Around the same time as the first Hurricane of this year's Atlantic Hurricane Season formed, the National Oceanic and Atmospheric Administration, or NOAA, updated its forecast, saying there is now a 60 percent chance of an above average season.
Forecasters say this hurricane season could be the most active since 2010, when there were 19 named storms.
NOAA's update includes between 14 and 19 storms, which is up from 11 to 17 from the May prediction.
They say 5 to 9 will become hurricanes, which is unchanged and two to 5 will be major hurricanes. That's up from a prediction of 2 to 4.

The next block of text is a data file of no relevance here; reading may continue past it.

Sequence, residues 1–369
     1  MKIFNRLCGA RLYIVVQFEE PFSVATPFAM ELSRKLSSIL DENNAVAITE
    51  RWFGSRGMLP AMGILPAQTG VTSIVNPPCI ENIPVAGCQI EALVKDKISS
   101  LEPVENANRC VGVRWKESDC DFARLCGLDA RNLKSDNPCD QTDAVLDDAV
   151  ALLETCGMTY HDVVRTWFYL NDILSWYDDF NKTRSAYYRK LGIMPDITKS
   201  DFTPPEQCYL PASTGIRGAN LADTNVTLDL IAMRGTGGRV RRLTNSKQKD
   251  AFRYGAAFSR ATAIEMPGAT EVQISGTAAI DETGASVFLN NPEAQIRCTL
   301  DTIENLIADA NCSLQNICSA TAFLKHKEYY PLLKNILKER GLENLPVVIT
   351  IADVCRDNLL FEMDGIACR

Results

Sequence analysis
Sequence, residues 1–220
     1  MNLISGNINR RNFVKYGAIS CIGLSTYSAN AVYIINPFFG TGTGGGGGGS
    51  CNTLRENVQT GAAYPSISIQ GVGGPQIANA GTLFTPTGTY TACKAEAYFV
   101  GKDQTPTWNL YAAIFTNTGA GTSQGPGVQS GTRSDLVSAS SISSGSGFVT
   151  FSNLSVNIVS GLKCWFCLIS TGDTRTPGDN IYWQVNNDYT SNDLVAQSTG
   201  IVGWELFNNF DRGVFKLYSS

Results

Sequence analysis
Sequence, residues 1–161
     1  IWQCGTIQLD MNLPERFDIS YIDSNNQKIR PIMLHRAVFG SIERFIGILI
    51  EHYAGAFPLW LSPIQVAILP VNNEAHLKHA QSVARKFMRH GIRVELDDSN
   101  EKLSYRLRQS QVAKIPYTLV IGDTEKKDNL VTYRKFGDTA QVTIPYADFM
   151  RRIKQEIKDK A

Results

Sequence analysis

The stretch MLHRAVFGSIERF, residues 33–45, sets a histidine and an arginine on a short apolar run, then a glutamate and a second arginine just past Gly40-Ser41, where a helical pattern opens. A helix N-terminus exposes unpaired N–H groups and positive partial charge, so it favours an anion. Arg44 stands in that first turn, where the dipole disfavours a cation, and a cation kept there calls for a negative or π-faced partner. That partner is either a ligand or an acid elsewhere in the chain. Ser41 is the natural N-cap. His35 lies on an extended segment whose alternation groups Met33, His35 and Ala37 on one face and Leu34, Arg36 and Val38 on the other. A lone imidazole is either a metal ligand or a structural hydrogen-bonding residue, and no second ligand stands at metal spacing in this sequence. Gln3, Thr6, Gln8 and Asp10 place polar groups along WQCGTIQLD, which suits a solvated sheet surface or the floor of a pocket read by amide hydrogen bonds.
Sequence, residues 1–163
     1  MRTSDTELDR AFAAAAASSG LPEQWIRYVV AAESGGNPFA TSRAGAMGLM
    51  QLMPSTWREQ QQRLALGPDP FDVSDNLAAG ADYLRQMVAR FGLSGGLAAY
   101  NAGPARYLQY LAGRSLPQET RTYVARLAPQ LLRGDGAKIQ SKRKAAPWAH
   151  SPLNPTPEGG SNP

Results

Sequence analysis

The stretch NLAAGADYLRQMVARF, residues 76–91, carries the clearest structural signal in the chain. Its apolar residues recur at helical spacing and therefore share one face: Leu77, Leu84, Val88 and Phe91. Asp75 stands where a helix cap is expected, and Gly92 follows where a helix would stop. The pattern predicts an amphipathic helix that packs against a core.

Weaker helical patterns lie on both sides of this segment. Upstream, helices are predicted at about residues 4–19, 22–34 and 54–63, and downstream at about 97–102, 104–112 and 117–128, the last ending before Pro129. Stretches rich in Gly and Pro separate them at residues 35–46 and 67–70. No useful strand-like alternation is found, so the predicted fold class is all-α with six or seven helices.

Franklin made landfall in Mexico as the first hurricane of the season, but has since been downgraded.
Meanwhile, the National Hurricane Center in Miami is watching a wave that continues to move in a northwest direction, northeast of the Leeward Islands. It has a 40 percent chance of developing over the next several days, but is forecast to stay off to our east if that becomes the case.
A third disturbance being watched is over the Bahamas and set to bring South Florida significant rainfall, but it's non-tropical.